Listen - Mozilla's situation right now is really fucking sad, and I don't think anyone is unjustified in thinking that this could have a really bad outcome on the future of Firefox.
But let's kind of be clear on something people seem to be forgetting: Mozilla is not the entire open source movement, and on top of that the writing with mozilla has been on the wall for ages. Organizations which operate _themselves_ in the market as a form of funding are destined to fail and not be independent.
Working to get real funding in the world in terms of being an open source foundation almost always means some form of interacting with capitalism. This is a problem, and for open source to continue moving forward and remaining independent it is something that needs to be tackled, just like all of the other horrid things capitalism does. But also understand this is literally no different then was the state of things when open source first started making a dent in the industry
One of the necessities for pushing open source forward in the world of capitalism really, is figuring out how you put you and your organization in a position where your sources of funding are pushed as far away from the people who make decisions in your community as possible. And to ensure that the entirety of your funding is not in any way conditional on the direction that your project is going to be heading in the future. And yes-this is _tough_, but it is not impossible.
This is ironically also I think, where a lot of people don't realize things like the GPL really come into play. In order to accomplish something like this you need leverage, where leverage is the ability to pull a corporation into relying on your project, while ensuring that:
* It isn't realistic for any corporate contributors to maintain forks of your projects without being seriously invested in upstream
* It's legally dubious for corporations to take your software and attempt to monopolize it
Licenses are only part of the solution to this problem, the other part is actively structuring both your organization and how your software operates to make it exceedingly difficult for anyone to take part without fully taking part in the community process. Honestly, the kernel is a really good example of this because we have literally set kernel development up so it is not just discouraged to act independently of the community, it's literally almost not feasible even with tremendous resources
Of course this also requires leadership along with rules around who can be considered in leadership, and explicit rules on how corporate involvement can happen with leadership. Tl;dr: that means your project needs to have a lot of hard asses who will happily reject code they see as a threat to this independence. You can't put people who don't understand the constant danger of corporate influence in those leadership positions, or really any position of power in your project.
So, Linux pulls this off by:
- Having (while questionable regarding their other manners...) leadership that is not afraid of calling out inappropriate corporate influence in contributions
- Making it far more difficult to develop out of tree for the Linux kernel. For instance, dozens of core portions of Linux are only exported as available to GPL licensed modules, and the respective ABIs for these are always under flux such that out of tree modules just break. a lot.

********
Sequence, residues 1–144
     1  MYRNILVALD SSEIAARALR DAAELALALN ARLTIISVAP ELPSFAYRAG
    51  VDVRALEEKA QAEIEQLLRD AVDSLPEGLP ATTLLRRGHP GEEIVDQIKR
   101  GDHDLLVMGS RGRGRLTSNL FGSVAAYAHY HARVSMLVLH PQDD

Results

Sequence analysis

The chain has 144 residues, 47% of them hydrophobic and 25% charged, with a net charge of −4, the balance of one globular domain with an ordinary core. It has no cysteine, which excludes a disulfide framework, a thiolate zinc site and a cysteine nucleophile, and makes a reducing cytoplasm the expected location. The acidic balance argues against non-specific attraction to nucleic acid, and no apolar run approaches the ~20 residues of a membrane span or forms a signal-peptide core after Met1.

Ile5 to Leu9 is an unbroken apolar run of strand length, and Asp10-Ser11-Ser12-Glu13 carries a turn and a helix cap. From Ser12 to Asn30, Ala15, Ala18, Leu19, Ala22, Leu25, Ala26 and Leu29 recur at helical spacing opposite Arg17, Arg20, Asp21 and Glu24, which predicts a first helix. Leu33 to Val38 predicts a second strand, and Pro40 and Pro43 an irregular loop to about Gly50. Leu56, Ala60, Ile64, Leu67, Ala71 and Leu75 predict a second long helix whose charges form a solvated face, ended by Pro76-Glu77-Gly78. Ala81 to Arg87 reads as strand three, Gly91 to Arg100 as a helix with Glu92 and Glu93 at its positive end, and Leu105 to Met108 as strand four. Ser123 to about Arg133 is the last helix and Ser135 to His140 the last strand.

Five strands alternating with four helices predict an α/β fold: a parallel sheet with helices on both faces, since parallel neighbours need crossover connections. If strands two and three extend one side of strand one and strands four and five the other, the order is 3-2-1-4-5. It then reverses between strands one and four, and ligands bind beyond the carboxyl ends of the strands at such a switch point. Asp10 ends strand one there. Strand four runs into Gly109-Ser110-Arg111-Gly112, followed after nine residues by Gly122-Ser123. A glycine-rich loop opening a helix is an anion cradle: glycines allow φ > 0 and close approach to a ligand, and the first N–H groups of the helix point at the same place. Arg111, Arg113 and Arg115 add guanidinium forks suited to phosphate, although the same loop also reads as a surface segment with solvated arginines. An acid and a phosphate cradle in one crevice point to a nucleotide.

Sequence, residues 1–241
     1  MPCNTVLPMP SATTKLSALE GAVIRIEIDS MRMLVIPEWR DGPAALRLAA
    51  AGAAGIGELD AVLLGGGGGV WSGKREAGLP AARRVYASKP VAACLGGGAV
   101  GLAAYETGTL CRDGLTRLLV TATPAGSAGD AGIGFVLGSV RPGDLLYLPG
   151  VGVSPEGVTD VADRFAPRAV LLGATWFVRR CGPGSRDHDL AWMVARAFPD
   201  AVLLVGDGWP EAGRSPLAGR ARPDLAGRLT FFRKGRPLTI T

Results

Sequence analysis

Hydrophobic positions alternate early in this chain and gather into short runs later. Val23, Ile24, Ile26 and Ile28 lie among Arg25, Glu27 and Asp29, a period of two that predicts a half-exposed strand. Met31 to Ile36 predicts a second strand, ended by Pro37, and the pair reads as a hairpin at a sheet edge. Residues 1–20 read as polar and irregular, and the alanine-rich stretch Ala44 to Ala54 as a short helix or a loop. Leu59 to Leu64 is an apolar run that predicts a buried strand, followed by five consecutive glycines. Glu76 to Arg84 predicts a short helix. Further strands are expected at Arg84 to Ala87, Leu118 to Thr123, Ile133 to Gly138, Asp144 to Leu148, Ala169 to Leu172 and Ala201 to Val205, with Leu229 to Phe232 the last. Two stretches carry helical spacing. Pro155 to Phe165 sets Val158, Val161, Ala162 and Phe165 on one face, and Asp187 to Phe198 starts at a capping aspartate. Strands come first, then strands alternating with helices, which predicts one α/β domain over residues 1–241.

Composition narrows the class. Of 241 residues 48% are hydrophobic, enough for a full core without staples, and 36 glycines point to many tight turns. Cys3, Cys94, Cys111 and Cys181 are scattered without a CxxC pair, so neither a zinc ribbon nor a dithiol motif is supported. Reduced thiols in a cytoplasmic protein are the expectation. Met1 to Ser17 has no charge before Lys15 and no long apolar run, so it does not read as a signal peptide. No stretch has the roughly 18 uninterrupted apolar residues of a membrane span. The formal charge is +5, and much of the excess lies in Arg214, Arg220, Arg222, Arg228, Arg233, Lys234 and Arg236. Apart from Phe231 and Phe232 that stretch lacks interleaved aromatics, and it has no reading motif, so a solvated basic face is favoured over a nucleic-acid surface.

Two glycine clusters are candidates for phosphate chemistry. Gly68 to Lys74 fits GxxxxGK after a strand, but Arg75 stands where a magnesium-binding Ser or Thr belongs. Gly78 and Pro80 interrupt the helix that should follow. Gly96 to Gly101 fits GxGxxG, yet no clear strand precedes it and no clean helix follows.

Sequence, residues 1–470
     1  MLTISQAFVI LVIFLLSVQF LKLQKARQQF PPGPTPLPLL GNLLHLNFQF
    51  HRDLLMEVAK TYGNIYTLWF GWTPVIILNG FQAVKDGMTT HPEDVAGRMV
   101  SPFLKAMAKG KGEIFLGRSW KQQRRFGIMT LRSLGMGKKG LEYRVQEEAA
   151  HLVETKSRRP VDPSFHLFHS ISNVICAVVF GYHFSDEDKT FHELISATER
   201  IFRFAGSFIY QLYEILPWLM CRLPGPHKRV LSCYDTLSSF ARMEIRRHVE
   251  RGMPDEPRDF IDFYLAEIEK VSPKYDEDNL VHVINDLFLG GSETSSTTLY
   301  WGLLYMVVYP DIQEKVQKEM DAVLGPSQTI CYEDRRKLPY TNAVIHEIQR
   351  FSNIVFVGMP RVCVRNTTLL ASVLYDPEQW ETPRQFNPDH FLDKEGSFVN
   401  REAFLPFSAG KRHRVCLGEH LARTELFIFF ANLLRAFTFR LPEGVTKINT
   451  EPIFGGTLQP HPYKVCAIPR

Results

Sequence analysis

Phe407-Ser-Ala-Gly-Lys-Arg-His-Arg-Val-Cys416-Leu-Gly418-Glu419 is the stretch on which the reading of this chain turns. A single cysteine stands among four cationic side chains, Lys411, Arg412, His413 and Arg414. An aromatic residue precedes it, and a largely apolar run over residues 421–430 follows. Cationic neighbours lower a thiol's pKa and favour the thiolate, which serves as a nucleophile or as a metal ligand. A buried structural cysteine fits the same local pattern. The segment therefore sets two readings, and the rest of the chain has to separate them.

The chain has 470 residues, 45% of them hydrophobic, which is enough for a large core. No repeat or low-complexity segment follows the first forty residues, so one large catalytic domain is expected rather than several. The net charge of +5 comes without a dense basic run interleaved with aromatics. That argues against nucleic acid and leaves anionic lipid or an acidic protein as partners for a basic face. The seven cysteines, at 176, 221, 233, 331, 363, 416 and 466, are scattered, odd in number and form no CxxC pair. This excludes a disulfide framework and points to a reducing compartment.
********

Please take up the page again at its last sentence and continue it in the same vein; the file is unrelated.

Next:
I've been involved in so many discussions upstream in Linux and other various projects where all of these things were the _only_ leverage we had, and it worked. With just the GPL, companies would have just figured out ways to make it easier to develop downstream, and then our leverage would be nothing. But if we didn't use the GPL and merely designed things to make it more difficult for out of tree contributors, companies would have just forked us and taken away our leverage.
If we only had both the GPL, and the intentional designing-against-non-contributors, but if the organizations behind Linux did not have people willing to stand the ground of saying no to even the largest contributions for the sole reason they went against the project's principles, we would slowly just fall into a position where we've lost our leverage because we failed to enforce the rules that provided us our leverage in the first place.
It is _all_ about leverage, and about putting your organization in a position where the corporations that rely on it need to benefit your project before they can receive any type of benefit back. Through your software design, through your software licenses, through your open source leadership, and through the structures of your community's funding along with the safeguards it has to prevent a shift towards specific corporate dependence. And don't let up on any of these, ever, not even once.
I wish I could say I see all of these principles in most of the open source projects I come by, but I don't. Way too often I see people making decisions with this bizarre belief that if you don't make yourself marketable to the world of capitalism, that because of capitalism your project will be doomed not to succeed. While the road of succeeding without corporate influence is dramatically more difficult then just giving in, it is never impossible, it's literally how we got here.
I find it sad that in order to survive and stay independent, an Open Source project needs to make it difficult to maintain a fork.
It feels against the spirit of Free Software.
Firefox was also difficult to fork, and this allowed Mozilla to shove all of their decisions down the users' throats. Linux leadership seems saner than that, but if the users need to trust upstream to act in their interest, how's this different from proprietary software?
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